Angiolillo, D J
When patients with coronary stents undergo non-cardiac surgery, bridging therapy with low-molecular-weight heparin (LMWH) is not infrequent in clinical practice. However, the efficacy and safety of this approach is poorly understood. This was a retrospective analysis of patients with coronary stent(s) on any antiplatelet therapy undergoing non-cardiac surgery between March 2003 and February 2012. The primary efficacy endpoint was the 30-day incidence of major adverse cardiac or cerebrovascular events (MACCE), defined as the composite of cardiac death, myocardial infarction, acute coronary syndrome leading to hospitalisation, or stroke. The primary safety endpoint was the 30-day composite of Bleeding Academic Research Consortium (BARC) bleedings =E2=89=A5 2. Among 515 patients qualifying for the analysis, LMWH bridging was used in 251 (49 %). At 30 days, MACCE occurred more frequently in patients who received LMWH (7.2 % vs 1.1 %, p=3D0.001), driven by a higher rate of myocardial infarction (4.8 % vs 0 %, p< 0.001). This finding was consistent across several instances of statistical adjustment and after the propensity matching of 179 pairs. Patients bridged with LMWH also experienced a significantly higher risk of BARC bleedings =E2=89=A5 2 (21.9 % vs 11.7 %, p=3D0.002) compared to those who were not, which remained significant across different methods of statistical adjustment and propensity matching. In conclusion, LMWH bridging in patients with coronary stents undergoing surgery is a common and possibly harmful practice, resulting in worse ischaemic outcomes at 30 days, and a significant risk of bleeding.=20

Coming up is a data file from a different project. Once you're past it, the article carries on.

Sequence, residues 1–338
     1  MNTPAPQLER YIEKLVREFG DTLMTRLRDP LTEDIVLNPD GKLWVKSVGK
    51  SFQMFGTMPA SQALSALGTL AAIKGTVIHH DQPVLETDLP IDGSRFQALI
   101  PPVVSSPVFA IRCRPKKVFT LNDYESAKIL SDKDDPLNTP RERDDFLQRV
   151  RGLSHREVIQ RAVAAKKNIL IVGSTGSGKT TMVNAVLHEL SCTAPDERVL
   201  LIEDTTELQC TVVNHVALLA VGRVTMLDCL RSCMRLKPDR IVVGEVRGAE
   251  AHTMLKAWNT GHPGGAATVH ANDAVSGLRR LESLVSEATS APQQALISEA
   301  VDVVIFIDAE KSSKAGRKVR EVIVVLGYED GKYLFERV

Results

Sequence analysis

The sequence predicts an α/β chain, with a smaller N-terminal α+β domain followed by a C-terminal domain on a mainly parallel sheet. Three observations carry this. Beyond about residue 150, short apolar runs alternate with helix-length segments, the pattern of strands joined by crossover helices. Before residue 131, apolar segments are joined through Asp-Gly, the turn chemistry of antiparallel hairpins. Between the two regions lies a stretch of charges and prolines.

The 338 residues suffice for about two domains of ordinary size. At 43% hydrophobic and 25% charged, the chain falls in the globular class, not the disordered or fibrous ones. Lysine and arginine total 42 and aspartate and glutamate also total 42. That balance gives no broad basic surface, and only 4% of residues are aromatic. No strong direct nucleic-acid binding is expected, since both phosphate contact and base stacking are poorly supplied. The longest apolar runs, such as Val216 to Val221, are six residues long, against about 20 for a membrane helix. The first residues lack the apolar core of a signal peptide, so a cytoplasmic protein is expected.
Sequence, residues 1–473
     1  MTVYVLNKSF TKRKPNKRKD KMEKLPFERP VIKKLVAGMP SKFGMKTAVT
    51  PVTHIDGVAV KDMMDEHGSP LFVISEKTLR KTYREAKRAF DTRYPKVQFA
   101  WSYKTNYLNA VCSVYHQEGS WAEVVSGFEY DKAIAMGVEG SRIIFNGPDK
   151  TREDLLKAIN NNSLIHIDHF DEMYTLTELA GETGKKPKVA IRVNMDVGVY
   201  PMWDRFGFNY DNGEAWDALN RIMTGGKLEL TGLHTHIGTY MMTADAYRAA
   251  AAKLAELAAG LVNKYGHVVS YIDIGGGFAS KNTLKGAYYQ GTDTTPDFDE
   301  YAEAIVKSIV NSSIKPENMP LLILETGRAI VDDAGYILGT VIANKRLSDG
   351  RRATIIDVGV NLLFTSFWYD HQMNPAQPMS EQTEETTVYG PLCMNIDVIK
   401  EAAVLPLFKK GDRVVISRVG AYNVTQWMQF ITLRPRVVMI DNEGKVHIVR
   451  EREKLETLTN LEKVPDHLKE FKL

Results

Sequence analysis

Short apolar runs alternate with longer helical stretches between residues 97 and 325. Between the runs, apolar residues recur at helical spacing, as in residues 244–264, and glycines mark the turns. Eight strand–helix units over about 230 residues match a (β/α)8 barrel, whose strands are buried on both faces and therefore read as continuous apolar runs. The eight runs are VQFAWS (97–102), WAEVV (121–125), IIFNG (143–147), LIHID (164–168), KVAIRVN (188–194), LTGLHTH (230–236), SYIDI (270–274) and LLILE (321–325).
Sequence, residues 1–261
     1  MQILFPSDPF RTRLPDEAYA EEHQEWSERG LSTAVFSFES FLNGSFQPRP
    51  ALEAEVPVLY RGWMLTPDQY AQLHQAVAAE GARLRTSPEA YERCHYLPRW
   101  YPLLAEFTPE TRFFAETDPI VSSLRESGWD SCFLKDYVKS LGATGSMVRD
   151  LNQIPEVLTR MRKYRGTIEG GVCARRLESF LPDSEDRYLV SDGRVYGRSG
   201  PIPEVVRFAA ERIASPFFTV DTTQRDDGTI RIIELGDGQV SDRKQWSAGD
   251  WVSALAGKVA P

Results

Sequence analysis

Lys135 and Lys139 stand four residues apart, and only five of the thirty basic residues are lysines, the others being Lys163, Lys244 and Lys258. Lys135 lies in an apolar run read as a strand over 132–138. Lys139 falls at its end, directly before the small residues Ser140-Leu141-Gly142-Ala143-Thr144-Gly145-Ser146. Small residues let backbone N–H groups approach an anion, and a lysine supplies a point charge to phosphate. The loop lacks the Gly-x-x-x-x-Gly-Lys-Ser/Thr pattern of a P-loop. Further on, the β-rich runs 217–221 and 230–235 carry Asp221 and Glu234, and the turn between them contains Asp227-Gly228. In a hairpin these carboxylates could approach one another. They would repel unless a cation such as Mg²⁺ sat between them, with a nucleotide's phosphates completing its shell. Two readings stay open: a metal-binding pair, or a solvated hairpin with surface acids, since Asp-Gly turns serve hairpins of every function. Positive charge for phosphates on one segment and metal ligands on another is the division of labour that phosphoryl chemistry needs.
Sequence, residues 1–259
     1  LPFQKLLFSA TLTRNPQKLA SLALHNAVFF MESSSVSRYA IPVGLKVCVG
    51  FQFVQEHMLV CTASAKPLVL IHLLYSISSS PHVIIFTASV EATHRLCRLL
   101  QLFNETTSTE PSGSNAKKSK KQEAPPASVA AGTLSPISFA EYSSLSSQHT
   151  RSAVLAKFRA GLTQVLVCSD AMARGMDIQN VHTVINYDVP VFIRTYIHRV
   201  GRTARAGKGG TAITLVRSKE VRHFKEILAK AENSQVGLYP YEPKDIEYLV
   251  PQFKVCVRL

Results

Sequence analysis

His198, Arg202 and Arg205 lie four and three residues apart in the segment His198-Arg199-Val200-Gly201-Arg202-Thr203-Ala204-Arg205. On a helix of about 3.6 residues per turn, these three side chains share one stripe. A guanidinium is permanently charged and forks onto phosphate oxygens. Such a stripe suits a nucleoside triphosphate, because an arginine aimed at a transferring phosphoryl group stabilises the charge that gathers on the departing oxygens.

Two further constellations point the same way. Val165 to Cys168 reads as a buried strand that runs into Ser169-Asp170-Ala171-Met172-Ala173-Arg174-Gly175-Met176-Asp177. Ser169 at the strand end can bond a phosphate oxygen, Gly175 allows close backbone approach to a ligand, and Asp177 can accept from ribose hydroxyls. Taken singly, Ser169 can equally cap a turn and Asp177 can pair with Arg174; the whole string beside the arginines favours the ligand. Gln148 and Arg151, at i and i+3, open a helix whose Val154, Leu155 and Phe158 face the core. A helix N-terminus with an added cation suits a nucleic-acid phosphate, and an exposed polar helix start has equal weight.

The anatomy of the radial artery has yet to be systematically studied from the perspective of using it as a route for catheter access. We prospectively performed angiography of the arteries of the upper limb to delineate the anatomic features of the radial artery as a way to determine the feasibility of using it as a route for coronary intervention. We studied 2,211 consecutive patients submitted to transradial cardiac catheterization. In all patients, an angiography of the upper limb arteries was performed before and after procedure. Radial puncture was successful in 98.9% of patients. At angiography, anatomic variations of upper limb arteries were noted in 505 patients (22.8%) and included tortuous configurations (3.8%), stenosis (1.7%), hypoplasias (7.7%), radioulnar loop (0.8%), abnormal origin of the radial artery (8.3%), and lusoria subclavian artery (0.45%). Overall procedural success by transradial approach was 97.5%. Patients with anatomic variations of radial artery had a significantly lower puncture (96.2% vs 99.7%, P < 0.0001) and procedural (93.1% vs 98.8%, P < 0.0001) success. The procedure was successfully performed by radial approach in 98.8% of patients with tortuous configurations, 91.9% of radial stenosis, 93.9% of hypoplastic radial artery, 83.3% of radioulnar loop, 96.7% of radial axillary origin, and 60% of lusoria subclavian artery setting. Anatomic variations of the radial artery are not rare. However, they do not represent an important limitation in transradial approach if they are well documented previously. (C) 2006 Wiley-Liss., Inc.